CYP2C9 Genetic Variants and Drug Metabolism

Have you ever wondered why certain medications don’t work well for you? Genetic variants can change how fast or how slow a medication, toxicant, or supplement is broken down and eliminated by your body.

The CYP2C9 gene is part of the CYP450 family of genes, which code for the enzymes needed for phase I detoxification. (Learn more about other phase I detoxification genes.)

CYP2C9: Breaking down prescription medications and more

The CYP2C9 gene that codes for an enzyme that metabolizes, or breaks down, quite a few medications in the liver.

CYP2C9 also breaks down linoleic acid, arachidonic acid, and serotonin outside of the liver.[ref]

Some popular prescription medications metabolized by using the CYP2C9 enzyme include:

  • losartan (blood pressure)
  • warfarin (Coumadin)
  • acenocoumarol
  • tolbutamide (Orinase)
  • glipizide (Glucotrol)
  • ibuprofen (Advil, Motrin)
  • celecoxib (Celebrex)
  • montelukast (Singulair)
  • naproxen (Aleve).
  • A complete list can be found on Pharmacy Times.

There are several genetic variants of CYP2C9  that either increase or decrease the activity level of the enzyme.

This is important when looking at how your body is going to respond to different doses of common drugs.

Let’s look at some examples of how the CYP2C9 variants are important:

  • With some loss-of-function variants of CYP2C9, people may have an increased risk of stomach bleeding with NSAIDs.[ref]
  • Celecoxib (Celebrex), a popular medication, is metabolized by the CYP2C9 enzyme. A new study recommends a lower starting dosage for those with reduced enzyme function.[ref]
  • Warfarin is a popular prescription anticoagulant, often used after strokes or for those at risk for blood clots.  Dosage variations that are determined by genetic factors are mainly based on the CYP2C9 and VKORC1 gene variants.
  • A popularly prescribed statin, Crestor (rosuvastatin), is also partially metabolized by CYP2C9.  A recent study found that those with slow CYP2C9 variants had more of a reduction of LDL levels when using rosuvastatin.[ref]
  • THC, the active component of cannabis, is partially metabolized by CYP2C9.[ref]

What should you do if you are a slow or fast CYP2C9 metabolizer?

Knowing how your body metabolizes different medications is important. But it is not as simple as just taking more of a medication if you are a slow metabolizer.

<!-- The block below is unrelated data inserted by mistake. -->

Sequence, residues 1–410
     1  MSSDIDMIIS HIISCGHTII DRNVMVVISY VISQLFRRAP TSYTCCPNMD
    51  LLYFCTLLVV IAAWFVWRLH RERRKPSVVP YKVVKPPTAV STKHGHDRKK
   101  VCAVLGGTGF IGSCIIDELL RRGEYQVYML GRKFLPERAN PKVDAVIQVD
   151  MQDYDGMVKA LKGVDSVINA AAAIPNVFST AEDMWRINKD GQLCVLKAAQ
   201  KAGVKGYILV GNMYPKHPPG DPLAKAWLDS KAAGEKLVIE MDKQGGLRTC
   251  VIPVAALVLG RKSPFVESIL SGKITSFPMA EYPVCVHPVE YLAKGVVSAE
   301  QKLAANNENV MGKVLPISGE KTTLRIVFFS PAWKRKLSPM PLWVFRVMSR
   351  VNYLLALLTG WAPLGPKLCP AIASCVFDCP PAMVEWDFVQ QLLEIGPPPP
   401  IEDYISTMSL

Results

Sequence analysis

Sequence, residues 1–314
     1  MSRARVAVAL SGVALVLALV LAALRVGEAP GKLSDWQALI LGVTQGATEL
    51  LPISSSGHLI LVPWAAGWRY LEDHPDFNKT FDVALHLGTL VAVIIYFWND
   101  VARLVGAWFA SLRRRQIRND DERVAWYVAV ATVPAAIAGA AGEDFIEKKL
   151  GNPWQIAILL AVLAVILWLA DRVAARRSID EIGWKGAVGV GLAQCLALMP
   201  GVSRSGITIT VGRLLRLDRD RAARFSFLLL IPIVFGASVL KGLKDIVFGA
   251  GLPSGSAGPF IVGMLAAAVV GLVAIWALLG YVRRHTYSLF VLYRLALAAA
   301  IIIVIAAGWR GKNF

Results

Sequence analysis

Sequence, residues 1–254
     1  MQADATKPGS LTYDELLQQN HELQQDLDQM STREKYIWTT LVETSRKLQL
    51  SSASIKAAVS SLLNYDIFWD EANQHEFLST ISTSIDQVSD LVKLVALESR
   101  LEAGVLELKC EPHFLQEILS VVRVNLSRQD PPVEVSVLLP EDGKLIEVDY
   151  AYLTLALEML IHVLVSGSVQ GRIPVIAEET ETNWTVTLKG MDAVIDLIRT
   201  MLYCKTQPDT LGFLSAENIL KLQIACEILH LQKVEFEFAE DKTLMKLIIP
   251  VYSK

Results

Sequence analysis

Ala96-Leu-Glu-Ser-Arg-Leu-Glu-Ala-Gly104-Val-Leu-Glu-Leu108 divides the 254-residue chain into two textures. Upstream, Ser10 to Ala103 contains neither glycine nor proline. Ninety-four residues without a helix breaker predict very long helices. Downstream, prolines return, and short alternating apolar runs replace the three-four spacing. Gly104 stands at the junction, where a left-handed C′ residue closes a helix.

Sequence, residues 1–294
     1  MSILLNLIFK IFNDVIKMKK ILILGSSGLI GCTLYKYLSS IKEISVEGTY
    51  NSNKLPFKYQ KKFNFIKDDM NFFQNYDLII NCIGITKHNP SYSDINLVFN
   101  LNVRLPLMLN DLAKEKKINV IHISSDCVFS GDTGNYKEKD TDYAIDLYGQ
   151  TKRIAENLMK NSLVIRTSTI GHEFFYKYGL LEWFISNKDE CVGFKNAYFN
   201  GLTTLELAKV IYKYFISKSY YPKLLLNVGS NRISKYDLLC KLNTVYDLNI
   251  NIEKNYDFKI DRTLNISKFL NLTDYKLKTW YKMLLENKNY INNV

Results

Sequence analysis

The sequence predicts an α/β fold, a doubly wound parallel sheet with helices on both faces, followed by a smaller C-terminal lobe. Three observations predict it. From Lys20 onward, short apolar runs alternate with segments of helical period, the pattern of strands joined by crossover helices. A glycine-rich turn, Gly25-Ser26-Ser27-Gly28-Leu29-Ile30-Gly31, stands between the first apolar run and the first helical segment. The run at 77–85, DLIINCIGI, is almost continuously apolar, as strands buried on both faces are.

A lot of medications can be metabolized by using several different CYP enzymes, so your body may have a good backup route for breaking down some drugs and toxins. For example, the sleep medication Ambien is metabolized through several different CYP enzymes including CYP2C9. But research shows the slow CYP2C9 enzymes only matter for people who also have inhibited CYP3A4. [ref]

Some medications need to be metabolized using a CYP enzyme before they will begin to work because the metabolite is actually the drug. This type of medication is called a pro-drug since the actionable drug is actually formed by your body breaking down the pro-drug.

For other medications, the tablet you take is the actual drug and the speed at which it is broken down affects how long it stays in your system.

This gets complicated (talk with your doctor):

Knowing whether you are a slow metabolizer or a fast metabolizer is only part of the picture. You also need to know how the drug works as well as whether there are any interactions with other medications. This is one of those ‘talks’ with your doctor or pharmacist situations if you are taking several prescription medication.

To add one more layer of complexity here, most of the studies on drug metabolism use adult study participants. In children, some medications metabolize slightly differently.  For example, valproate, an epilepsy medication,  mainly uses CYP2C9 in children for metabolization but not in adults.[ref]


CYP2C9 Genetic Variants:

Variants in the CYP2C9 gene impact the way many medications work and may alter the amount of a medication you need to take.